We’re starting a new series of short editorials that will appear at the end of the day with a couple of things to think about — we hope you enjoy the Pocketnow Nightcap and invite you to respond through comments, email ([email protected]) and on Twitter with the hashtag #PNightcap.

There is no ethical consumption in capitalism.

Now that we’ve got that out of the way, welcome to Amazon Prime Day 2018. It’s when your pricey organic supermarket (which used to be a super-pricey organic supermarket) becomes an average-price organic supermarket. It’s when a lot of deals pop up online, a lot of them mediocre and irrelevant to you, and when the great deals have compromises like the discontinued MacBook Air and the Essential Phone which is made by a company that gave up the ghost on a sequel. Oh, and don’t forget about the occasional site crash and redirect error. That’s always fun.

That said, there’s always a point where price and quality match up with other factors like a lack of retail choice in your area or needing something for a deadline or a replacement. It just so happens to be Amazon Prime Day. You’ll pull the trigger.

And yet there’s the other side of the webpage that needs to be considered. For thousands of Amazon workers in Germany, Poland and Spain, it’s striking season and it’s supposed to last right through the 36-hour Prime Day. Unions representing fulfillment center employees say that Amazon is proposing wage bidding wars for workers to compete for a position and a reduction in off days. Anonymous laborers in the United States have also complained about strict surveillance and extreme time limitations on bathroom breaks and personal healthcare. Amazon’s constant response has been to show that people want its jobs and it has a comprehensive benefits package and high pay for its jobs sector.

A column from Paris Martineau in The Outline balanced press coverage on the protests with a critique on The New York Times (and many, many other sites) publishing “the equivalent of a junk supermarket deals mailer” for a multi-billion dollar company that distresses its human assets.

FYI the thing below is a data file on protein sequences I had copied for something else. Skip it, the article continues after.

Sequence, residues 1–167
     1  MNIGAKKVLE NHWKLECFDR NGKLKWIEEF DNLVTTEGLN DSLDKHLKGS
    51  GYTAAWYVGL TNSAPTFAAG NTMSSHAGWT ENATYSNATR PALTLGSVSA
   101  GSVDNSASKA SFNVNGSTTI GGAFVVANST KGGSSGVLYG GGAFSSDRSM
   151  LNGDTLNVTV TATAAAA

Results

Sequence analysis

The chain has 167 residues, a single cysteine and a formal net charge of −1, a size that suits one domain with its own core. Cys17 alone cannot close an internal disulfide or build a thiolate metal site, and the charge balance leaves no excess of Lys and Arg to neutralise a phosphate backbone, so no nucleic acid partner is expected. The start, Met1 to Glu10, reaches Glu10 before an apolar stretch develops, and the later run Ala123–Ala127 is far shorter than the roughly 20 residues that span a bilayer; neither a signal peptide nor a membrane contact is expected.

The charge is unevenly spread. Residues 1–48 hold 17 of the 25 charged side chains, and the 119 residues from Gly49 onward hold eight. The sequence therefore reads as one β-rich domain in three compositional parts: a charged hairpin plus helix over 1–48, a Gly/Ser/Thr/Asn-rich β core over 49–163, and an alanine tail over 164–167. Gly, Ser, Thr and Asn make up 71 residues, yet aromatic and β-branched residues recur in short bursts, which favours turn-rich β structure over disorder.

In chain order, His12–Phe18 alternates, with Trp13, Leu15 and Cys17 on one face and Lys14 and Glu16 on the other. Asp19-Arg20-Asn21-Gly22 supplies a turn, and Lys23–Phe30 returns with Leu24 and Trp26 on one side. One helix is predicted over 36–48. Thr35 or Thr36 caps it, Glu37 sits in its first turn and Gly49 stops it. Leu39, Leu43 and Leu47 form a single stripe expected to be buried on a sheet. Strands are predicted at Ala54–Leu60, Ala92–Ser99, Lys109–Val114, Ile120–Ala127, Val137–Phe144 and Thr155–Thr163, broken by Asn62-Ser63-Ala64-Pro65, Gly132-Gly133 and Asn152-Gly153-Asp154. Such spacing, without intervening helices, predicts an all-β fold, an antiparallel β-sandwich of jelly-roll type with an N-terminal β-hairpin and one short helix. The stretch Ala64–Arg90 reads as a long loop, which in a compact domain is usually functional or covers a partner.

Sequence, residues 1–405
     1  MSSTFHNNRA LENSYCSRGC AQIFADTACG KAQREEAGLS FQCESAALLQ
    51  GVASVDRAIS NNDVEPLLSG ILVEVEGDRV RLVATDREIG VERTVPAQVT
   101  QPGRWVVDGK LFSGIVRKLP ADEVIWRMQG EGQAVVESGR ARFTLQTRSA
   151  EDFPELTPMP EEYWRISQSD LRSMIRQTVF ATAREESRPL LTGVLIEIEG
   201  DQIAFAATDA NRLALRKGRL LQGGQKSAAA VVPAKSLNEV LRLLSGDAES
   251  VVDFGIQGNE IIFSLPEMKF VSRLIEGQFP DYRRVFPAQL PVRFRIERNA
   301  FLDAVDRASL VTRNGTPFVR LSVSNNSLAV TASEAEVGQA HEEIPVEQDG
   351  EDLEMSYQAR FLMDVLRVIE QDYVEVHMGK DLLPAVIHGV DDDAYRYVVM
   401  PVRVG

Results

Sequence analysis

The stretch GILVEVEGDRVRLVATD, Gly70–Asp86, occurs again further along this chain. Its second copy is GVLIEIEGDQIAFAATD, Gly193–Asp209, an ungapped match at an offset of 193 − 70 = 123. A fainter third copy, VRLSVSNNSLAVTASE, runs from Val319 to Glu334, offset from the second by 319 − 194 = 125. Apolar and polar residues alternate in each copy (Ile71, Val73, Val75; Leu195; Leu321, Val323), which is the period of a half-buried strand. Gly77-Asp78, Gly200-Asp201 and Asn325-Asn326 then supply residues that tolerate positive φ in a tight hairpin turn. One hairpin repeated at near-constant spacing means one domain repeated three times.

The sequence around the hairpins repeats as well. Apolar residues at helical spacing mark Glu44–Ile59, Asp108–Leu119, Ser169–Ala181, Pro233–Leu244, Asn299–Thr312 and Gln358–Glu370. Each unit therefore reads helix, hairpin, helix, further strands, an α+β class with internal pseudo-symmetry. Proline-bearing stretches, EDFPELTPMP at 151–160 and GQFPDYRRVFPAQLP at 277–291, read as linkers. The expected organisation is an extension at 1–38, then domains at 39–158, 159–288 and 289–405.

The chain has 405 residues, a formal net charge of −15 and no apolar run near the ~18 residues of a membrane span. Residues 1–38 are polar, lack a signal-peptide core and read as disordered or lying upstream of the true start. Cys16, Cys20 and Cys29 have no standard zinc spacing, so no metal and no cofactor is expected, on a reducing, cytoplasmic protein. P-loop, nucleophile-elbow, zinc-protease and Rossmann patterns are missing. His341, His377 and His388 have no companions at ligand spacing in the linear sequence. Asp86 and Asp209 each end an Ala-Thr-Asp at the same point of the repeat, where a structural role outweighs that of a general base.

But the big, big ask for consumers is a boycott. “Say ‘no’ to Amazon Prime Day,” they say. How much of an effect this boycott will have on total Prime Day sales will have to be estimated from the outside because we sure as hell aren’t guaranteed to get a report from the inside.

I’m not here to tell you what you should or shouldn’t do. Pocketnow is part of the consumer tech media and that means we want to look out for your spending dollar on the things you might want. Apple has used Chinese laborers that work more than 100 hours a week to build iPhones and MacBooks and has contributed to the gentrification of Silicon Valley making it increasingly expensive to survive in. How many people do you know own an iPhone or Mac? Some things can only be acknowledged and decried, but we all need to post our thoughts to the almighty Facebook, right? I digress.

Upon all the facts I’ve unloaded above, I want to remind you that your Prime membership costs $119 this year. With it, you not only get free two-day shipping, but  access to Audible audiobooks, Kindle e-books, Prime Exclusive phones, Prime Video original series, discounts at said pricey Whole Foods Market and there are more features that come at additional cost.

In line with our mission, I want to ask you a few questions:

  • Do you buy and save enough on Prime sales?
  • Are you using all of these services to your advantage? Or at least to the point where you would consider that price tag to be of good value?
  • Perhaps you’re using duplicative services instead of Amazon’s? Spotify or Apple Music for streaming tunes? Netflix for video? Kobo for e-books?
  • Are there alternatives such as other online retailers or even brick-and-mortar shops that could offer decent alternatives for you?

Caveat emptor. Take the time to evaluate your habits online and make sure you’re not spending more than you need. It’s a lesson for which we here sometimes need remedial courses.

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About The Author
Jules Wang
Jules Wang is News Editor for Pocketnow and one of the hosts of the Pocketnow Weekly Podcast. He came onto the team in 2014 as an intern editing and producing videos and the podcast while he was studying journalism at Emerson College. He graduated the year after and entered into his current position at Pocketnow, full-time.